Severe acute respiratory coronavirus 2 (SARS-CoV-2) testing reagents are expected to become scarce worldwide. However, little is known regarding whether pooling of samples accurately detects SARS-CoV-2. To validate the feasibility of pooling samples, serial dilution analysis and spike-in experiments were conducted using synthetic DNA and nucleic acids extracted from SARS-CoV-2-positive and -negative patients. Furthermore, we studied 1000 individuals, 667 of whom were "healthy" individuals (195 healthcare workers and 472 hospitalized patients with disorders other than COVID-19 infection), and 333 infection-suspected patients with cough and fever. Serial dilution analysis showed a limit of detection of around 10-100 viral genome copies according to the protocol of the National Institute of Infectious Diseases, Japan. Spike-in experiments demonstrated that RT-qPCR detected positive signals in pooled samples with SARS-CoV-2-negative and -positive patients at 5-, 10-, 20-fold dilutions. By screening with this pooling strategy, by the end of April 2020 there were 12 SARS-CoV-2-positive patients in 333 infection-suspected patients (3.6%) and zero in 667 "healthy" controls. We obtained these results with a total of 538 runs using the pooling strategy, compared with 1000 standard runs. In a prospective study, we successfully detected SARS-CoV-2 using 10- to 20-fold diluted samples of nasopharyngeal swabs from eighteen COVID-19 patients with wide ranges of viral load. Pooling sample is feasible for conserving test reagents and detecting SARS-CoV-2 in clinical settings. This strategy will help us to research the prevalence infected individuals and provide infected-status information to prevent the spread of the virus and nosocomial transmission.


Subject(s)
Clinical Laboratory Techniques/methods , Mass Screening/methods , Reverse Transcriptase Polymerase Chain Reaction/methods , Betacoronavirus/genetics , Betacoronavirus/pathogenicity , COVID-19 Testing , Clinical Laboratory Techniques/standards , Coronavirus Infections/diagnosis , Coronavirus Infections/epidemiology , Humans , Limit of Detection , Mass Screening/standards , Reproducibility of Results , Respiratory Mucosa/virology , Reverse Transcriptase Polymerase Chain Reaction/standards , SARS-CoV-2
17.
Genes (Basel) ; 11(10)2020 10 12.
Article in English | MEDLINE | ID: covidwho-905037

ABSTRACT

WHO declared the novel coronavirus (COVID-19) outbreak a global pandemic on 11 March 2020. The establishment of standardized RT-qPCR protocols for respiratory secretions testing, as well as sharing of specimens, data, and information became critical. Here, we investigate the analytical performance of two interim RT-qPCR protocols (Charité and Centers for Disease Control (CDC)) for the qualitative detection of SARS-CoV-2 executed in a fully automated platform. Analytical specificity, PCR amplification efficiency, analytical sensitivity (limit of detection), and cross-reactivity were evaluated using contrived samples. The on-going accuracy was evaluated by retrospective analysis of our test results database (real clinical samples). N1, E, and a modified version of RdRP assays presented adequate analytical specificity, amplification efficiency, and analytical sensitivity using contrived samples. The three assays were applied to all individuals who requested the SARS-CoV-2 molecular test assay in our laboratory and it was observed that N1 gave more positive results than E, and E gave more positive results than RdRP (modified). The RdRP and E were removed from the test and its final version, based on N1 assay only, was applied to 30,699 Brazilian individuals (from 19 February 2020 to 8 May 2020). The aggregated test results available in the database were also presented.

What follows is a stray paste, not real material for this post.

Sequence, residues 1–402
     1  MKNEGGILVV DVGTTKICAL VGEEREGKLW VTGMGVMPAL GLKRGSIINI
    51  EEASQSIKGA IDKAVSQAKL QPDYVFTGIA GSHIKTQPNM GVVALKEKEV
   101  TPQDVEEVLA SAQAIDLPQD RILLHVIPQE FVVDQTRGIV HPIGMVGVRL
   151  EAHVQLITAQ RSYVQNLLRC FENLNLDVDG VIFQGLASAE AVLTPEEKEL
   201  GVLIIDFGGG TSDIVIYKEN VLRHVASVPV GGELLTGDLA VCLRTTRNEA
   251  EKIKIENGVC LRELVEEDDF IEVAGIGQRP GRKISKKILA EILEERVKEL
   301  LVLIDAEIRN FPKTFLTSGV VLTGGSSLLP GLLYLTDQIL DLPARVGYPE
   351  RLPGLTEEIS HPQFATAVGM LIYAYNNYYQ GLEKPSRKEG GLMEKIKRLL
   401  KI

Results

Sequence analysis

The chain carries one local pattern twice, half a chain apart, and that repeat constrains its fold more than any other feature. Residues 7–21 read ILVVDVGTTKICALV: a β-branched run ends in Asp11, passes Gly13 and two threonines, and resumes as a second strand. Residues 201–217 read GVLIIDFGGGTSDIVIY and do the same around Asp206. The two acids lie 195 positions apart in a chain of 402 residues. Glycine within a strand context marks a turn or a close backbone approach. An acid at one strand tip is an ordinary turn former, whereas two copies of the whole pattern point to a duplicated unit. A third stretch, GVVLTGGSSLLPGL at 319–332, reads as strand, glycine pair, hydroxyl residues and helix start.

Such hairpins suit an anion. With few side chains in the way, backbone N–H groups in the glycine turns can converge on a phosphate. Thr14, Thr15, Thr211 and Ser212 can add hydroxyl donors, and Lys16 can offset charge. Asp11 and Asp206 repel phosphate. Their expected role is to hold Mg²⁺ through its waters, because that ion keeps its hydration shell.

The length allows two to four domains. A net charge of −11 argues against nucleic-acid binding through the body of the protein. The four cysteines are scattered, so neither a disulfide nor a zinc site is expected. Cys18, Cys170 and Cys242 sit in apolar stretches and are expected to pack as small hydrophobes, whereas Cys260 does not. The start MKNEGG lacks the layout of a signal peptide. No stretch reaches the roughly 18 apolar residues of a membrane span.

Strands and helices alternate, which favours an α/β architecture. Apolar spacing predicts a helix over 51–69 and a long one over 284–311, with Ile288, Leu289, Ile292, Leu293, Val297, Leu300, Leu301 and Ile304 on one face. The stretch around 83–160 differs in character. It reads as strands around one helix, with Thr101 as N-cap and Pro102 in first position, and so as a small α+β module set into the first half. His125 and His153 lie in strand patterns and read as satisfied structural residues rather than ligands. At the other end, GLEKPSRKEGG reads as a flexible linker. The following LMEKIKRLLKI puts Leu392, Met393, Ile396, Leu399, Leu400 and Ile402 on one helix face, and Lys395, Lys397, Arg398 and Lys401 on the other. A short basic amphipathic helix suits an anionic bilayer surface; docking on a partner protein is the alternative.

Subject(s)
Automation, Laboratory/standards , Clinical Laboratory Techniques/standards , Real-Time Polymerase Chain Reaction/standards , Reverse Transcriptase Polymerase Chain Reaction/standards , Automation, Laboratory/methods , COVID-19 Testing , COVID-19 Vaccines , Clinical Laboratory Techniques/methods , Coronavirus Infections/diagnosis , Humans , Limit of Detection , Real-Time Polymerase Chain Reaction/methods , Reproducibility of Results , Reverse Transcriptase Polymerase Chain Reaction/methods
18.
PLoS Biol ; 18(10): e3000867, 2020 10.
Article in English | MEDLINE | ID: covidwho-901993

ABSTRACT

The current quantitative reverse transcription PCR (RT-qPCR) assay recommended for severe acute respiratory syndrome coronavirus 2 (SARS-CoV-2) testing in the United States requires analysis of 3 genomic targets per sample: 2 viral and 1 host. To simplify testing and reduce the volume of required reagents, we devised a multiplex RT-qPCR assay to detect SARS-CoV-2 in a single reaction. We used existing N1, N2, and RP primer and probe sets by the Centers for Disease Control and Prevention, but substituted fluorophores to allow multiplexing of the assay. The cycle threshold (Ct) values of our multiplex RT-qPCR were comparable to those obtained by the single assay adapted for research purposes. Low copy numbers (≥500 copies/reaction) of SARS-CoV-2 RNA were consistently detected by the multiplex RT-qPCR. Our novel multiplex RT-qPCR improves upon current single diagnostics by saving reagents, costs, time, and labor.


Subject(s)
Betacoronavirus/genetics , Clinical Laboratory Techniques/methods , Coronavirus Infections/diagnosis , Multiplex Polymerase Chain Reaction/standards , Pneumonia, Viral/diagnosis , RNA, Viral/genetics , Reagent Kits, Diagnostic/standards , Reverse Transcriptase Polymerase Chain Reaction/standards , Betacoronavirus/pathogenicity , COVID-19 , COVID-19 Testing , Case-Control Studies , Clinical Laboratory Techniques/standards , Coronavirus Infections/virology , DNA Primers/standards , HEK293 Cells , Humans , Limit of Detection , Nasopharynx/virology , Pandemics , Pneumonia, Viral/virology , SARS-CoV-2 , United States
19.
Euro Surveill ; 25(27)2020 07.